(From The Blaine Journal, September 27, 1901) Submitted by site coordinator.
CROSS, Sam (d. 1911)
Sam Cross died of dropsy last Friday evening. He was buried with honors by the Masons, Sunday. Mr. Cross had been sick for some time, though he was up and around all of the time. Toward the last he bad been cared for by George Whipple. At the time of his death he was alone. His friends found the body upright in his chair near the door of his home. Mr. Cross was a widower and had lived alone ever since he has been in Washington. He has some relatives in Michigan but none of them were here during his illness nor for the funeral. V. F. Randall had always been one of his closest friends. The funeral services were held in the Methodist church. The burial was in the Lynden cemetery.
(From The Lynden Tribune, August 24, 1911) Submitted by site coordinator.
CRUIKSHANK, Andrew (d. 1923)
CRUIKSHANK, Ellen (d. 1922)
Mrs. D. Cruikshank passed away a few hours after a stroke of paralysis which came to her in the morning.
Mrs. Ellen Cruikshank was born Sep. 25, 1849, and had just celebrated her 73rd birthday. Besides her husband, she is survived by one son, Frank Cruikshank, and a sister, Mrs. W. W. Thompson of Buffalo, Minn. She was loved by all who knew her, and was continually working for the comfort and welfare of others. Rev. E. O. Grimes will be in charge of the funeral services at 1:30 Friday afternoon at Knapp's Parlors.
(From The Lynden Tribune, October 5, 1922) Submitted by site coordinator.
CRYDERMAN, Dora (d. 1933)
v One of Northwest Washington's most estimable pioneers, Mrs. Dora
Wellman Cryderman, died Thursday at her home in Blanchard. She had been in
ill health several years. Mrs. Cryderman was 65 years of age and had lived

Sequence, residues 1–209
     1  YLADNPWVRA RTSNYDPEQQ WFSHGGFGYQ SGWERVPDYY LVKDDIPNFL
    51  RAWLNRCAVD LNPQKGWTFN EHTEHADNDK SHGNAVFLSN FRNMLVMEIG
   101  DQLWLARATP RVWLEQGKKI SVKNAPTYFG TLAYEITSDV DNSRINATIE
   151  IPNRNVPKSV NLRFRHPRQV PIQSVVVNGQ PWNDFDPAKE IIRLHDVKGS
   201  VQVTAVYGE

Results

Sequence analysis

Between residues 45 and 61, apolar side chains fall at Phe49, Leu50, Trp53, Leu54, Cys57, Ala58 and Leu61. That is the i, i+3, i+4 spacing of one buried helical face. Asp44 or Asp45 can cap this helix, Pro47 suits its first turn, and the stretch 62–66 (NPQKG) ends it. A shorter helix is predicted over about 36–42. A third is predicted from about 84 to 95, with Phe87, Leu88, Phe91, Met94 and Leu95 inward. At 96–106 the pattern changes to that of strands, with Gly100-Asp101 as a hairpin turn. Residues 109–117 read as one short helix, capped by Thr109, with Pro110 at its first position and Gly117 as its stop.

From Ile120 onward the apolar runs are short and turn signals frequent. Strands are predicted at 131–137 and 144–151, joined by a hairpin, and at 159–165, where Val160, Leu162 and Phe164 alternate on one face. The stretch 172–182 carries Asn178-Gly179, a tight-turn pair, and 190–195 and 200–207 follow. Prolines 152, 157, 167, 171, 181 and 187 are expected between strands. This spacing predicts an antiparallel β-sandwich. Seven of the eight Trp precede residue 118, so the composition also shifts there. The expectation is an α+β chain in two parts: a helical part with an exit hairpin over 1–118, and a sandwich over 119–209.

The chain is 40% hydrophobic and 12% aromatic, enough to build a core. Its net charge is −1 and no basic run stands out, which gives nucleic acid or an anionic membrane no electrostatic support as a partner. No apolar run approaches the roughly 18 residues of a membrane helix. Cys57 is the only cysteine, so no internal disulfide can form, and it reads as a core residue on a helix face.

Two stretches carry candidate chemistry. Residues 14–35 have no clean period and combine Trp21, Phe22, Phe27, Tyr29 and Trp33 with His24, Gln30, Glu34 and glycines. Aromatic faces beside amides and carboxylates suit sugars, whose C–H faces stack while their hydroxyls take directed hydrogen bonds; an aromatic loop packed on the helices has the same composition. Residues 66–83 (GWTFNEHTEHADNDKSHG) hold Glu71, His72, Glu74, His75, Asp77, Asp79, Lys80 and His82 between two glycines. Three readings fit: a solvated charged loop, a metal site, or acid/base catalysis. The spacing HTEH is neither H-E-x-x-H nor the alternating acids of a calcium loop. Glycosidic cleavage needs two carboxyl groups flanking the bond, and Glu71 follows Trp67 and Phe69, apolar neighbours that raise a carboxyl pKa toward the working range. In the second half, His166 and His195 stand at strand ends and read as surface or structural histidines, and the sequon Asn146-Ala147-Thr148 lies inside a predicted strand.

in Bellingham and vicinity fifty years. She was the wife of J. J. Cryderman,
well known civil engineer, who in the early days of Northwest Washington
often penetrated mountain fastnesses (sic) in making railroad and other surveys.
Members of the Clam Diggers' club, of Lynden, to which Mrs. Cryderman belonged,
will recall that she was the only speaker at their annual reunion in that
city Armistice day, November 11. Mrs. Cryderman also was a member of Chief
Whatcom chapter Daughters of the American Revolution.
Relatives surviving, aside from the husband, are one sister, Mrs. Edith
Wellman Popham, Clarkston, Wash., and two nieces, Shirley Popham, a senior
at the University of Washington, and Vivian Wellman, Bellingham. Funeral
announcements will be made by the Homer Mark mortuary.
(From The Bellingham Herald, November 24, 1933) Submitted by site coordinator.
CUDWORTH, Kate (d. 1904)
Kate Kuhn was born in Lancaster, Wis., June 13, 1849, reared on
farm, qualified herself as teacher at the Platville Normal; taught
school in her home county (Grant); came to Iowa; taught school in
Chickasaw, also taught in Hamilton county, Nebraska, until March, 1879.
She was married to C. L. Cudworth on March 28, 1879, and resided on the
home farm until the following spring of 1880, moved to Seattle, resided
there until August, 1882, then came to Whatcom where she has since resided.
Mrs. Cudworth leaves to mourn her death a kind husband; a son, Hugh;
a daughter, Grace; one sister, Mrs. Mary Westing, of this city, and